One thing that stands out about the First Things post is the acknowledgement that the bargain struck between traditional Christianity in America and the political Right was deal salient in another age. It no longer makes sense in a post-Cold War America where the challenges are purely cultural. This is a critique of Official Conservatism™ that is popular with blogs like this one. The marriage of convenience between social conservatives, anti-communists and libertarian economists stopped being convenient when the war ended.

Now, First Things is not about to embrace the alt-right, or even biological realism anytime soon. You see that in the post, where the author goes through the usual rituals to signal his fidelity to anti-racism. His discussion of Charlottesville brings to mind a man trying to bury something that keeps rising to the surface no matter how much dirt he piles on it. The thing that is rising from the earth, despite his frantic efforts to cover it up with scare words, is the realization that the old moral paradigm is no longer useful in this age.

For the longest time, Official Conservatism™ was defined by the three key elements of its coalition. Social conservatives, free market libertarians and hawkish anti-communists made up the Grand Army of the Right. They even sang The Battle Hymn of the Republic at the GOP convention. Once the Cold War ended, the anti-communist leg no longer had a reason to exist, which is why the coalition spiraled out of control. Social conservatism had always been a junior partner, but after the Cold War it was reduced to window dressing.

Fundamentally, the Dissident Right, of which the alt-right is a part, is a reaction to the failures of American conservatism. If Official Conservatism™ is unable top keep men in sundresses out of the girl’s restroom, what good is it? The answer from the Dissident Right is that it is no good at all. Seeing elements of Official Conservatism™ begin to openly question their arrangements along the same lines suggests the shadow of the Dissident Right is starting to reach the walls of the Orthodoxy. They are noticing us.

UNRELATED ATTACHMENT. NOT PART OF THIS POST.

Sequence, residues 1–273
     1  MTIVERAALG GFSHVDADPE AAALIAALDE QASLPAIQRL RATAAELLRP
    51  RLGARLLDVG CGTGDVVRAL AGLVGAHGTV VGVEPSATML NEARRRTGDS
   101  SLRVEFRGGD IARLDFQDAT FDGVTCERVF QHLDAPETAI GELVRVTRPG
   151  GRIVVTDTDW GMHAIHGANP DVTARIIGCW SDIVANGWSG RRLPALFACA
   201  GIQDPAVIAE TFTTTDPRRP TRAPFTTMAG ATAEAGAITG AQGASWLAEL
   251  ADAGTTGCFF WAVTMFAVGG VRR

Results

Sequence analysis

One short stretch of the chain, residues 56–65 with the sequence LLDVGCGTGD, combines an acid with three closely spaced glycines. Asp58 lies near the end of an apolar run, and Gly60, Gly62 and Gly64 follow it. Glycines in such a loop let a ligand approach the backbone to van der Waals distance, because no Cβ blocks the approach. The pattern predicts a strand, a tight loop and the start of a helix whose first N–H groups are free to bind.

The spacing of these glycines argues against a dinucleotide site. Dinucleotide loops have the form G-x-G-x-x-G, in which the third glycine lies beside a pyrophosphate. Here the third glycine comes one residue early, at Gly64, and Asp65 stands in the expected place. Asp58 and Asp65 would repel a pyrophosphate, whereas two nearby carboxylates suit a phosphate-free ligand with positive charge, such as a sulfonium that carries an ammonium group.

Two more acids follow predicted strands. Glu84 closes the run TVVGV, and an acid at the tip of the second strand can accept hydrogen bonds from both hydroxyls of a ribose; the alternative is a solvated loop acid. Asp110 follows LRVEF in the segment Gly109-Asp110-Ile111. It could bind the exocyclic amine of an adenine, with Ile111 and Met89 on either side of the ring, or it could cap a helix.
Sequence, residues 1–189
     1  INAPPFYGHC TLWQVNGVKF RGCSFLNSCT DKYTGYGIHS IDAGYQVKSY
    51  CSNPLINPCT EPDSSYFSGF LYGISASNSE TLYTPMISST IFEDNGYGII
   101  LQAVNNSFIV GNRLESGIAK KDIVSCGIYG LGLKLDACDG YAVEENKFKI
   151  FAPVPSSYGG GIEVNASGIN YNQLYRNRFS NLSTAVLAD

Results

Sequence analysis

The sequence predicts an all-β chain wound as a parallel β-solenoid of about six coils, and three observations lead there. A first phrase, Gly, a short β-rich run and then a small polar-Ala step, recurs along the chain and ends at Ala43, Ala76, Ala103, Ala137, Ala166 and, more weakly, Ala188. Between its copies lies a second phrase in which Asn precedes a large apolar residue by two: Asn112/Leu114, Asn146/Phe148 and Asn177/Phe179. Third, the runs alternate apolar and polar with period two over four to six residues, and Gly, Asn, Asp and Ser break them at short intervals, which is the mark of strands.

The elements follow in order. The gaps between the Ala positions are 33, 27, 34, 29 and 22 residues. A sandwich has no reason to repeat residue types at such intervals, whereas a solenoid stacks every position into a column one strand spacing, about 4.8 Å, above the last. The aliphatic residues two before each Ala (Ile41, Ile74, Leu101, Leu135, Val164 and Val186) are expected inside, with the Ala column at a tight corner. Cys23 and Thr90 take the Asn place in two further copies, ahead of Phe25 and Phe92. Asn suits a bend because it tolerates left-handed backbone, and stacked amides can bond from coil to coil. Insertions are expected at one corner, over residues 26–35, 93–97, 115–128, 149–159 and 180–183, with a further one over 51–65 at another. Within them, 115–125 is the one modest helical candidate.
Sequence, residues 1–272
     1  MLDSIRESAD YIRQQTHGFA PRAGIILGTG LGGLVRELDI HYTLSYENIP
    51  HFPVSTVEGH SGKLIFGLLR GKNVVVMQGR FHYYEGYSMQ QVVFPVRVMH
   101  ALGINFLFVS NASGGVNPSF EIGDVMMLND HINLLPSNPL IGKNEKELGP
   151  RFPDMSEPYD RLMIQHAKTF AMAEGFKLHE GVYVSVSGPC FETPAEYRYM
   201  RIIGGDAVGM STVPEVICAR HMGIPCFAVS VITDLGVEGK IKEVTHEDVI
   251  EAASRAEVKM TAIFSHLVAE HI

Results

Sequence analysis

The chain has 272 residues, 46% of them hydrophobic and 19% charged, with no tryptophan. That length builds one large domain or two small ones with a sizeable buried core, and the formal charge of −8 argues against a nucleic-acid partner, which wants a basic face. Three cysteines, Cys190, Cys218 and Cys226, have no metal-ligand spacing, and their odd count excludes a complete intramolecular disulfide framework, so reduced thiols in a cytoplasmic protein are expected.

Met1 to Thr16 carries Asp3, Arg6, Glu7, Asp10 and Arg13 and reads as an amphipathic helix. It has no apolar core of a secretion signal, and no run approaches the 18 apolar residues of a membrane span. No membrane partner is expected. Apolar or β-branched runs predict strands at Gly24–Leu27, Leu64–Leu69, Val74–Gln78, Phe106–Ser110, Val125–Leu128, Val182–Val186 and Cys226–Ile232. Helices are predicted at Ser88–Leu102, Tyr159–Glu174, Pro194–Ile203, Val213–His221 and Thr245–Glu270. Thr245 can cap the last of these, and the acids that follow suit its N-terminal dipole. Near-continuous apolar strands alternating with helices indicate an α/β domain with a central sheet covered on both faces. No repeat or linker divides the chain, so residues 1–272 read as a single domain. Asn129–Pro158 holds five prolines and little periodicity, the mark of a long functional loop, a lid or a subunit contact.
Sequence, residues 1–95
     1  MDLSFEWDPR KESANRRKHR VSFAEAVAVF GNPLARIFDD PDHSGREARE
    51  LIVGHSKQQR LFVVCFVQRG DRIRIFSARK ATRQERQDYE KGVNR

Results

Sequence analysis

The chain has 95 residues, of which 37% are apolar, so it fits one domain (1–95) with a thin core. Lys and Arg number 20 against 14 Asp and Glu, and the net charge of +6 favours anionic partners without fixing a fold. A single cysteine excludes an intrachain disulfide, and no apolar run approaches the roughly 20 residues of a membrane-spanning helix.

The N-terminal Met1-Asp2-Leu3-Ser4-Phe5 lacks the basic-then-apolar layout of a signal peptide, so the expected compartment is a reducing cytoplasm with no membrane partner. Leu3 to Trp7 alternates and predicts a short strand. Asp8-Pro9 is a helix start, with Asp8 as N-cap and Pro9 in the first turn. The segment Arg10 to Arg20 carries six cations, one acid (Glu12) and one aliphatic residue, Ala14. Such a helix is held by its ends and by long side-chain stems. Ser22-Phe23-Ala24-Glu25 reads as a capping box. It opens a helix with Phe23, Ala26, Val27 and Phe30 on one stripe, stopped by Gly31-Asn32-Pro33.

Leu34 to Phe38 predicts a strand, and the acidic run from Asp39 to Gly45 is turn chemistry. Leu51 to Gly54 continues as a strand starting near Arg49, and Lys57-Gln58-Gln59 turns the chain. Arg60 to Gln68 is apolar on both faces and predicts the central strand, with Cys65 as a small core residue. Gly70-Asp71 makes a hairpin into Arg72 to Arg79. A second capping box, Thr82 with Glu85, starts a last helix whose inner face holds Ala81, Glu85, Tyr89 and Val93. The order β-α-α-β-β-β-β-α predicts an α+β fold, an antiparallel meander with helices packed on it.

It goes beyond noticing though. Read conventional right-wing journals and what you find is a vapid recitation of 1980’s dogma, salted with references to Buckley and Reagan. It’s like listening to disco. Read sites on the Dissident Right like American Greatness and you find thoughtful criticism and reasoned attempts at making sense of the current age. The shadow of the Dissident Right is growing, because relative to the legacy right, the people in this thing are intellectual giants. Ideas do matter and we’re the ones with the ideas now.

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51 Comments on "The Shadows Grow"

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Soren
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They’ve been noticing us for a long time… I mean, most of them probably read Sailer and many keep up with Derbyshire and frequent TakiMag. Richard Spencer never gave the “alt-light” time and room to ever work. If Spencer did nothing but keep writing for Radix, there would be a large “alt-light” alternative mediasphere created by now that would be able to slip in “dissident right” ideas easier. It’s impossible to get money to do this now and it’s completely Spencer’s fault.

Drake
Guest

I have no idea what Official Conservatism™ stands for. A year ago I would have guessed they stood for repealing Obamacare, at least pretending to contain spending, and cutting taxes.

Now – all I can think of is their continuing mission to campaign as conservatives and govern as moderate Democrats.

SES
Guest

Exactly. They were never conservative, they were always globalists. Controlled opposition. In the age before the internet it was easy to keep the wool pulled over the average prole’s eyes. Not anymore. Facts are pesky things, they keep popping up and disturbing the comfortable narrative.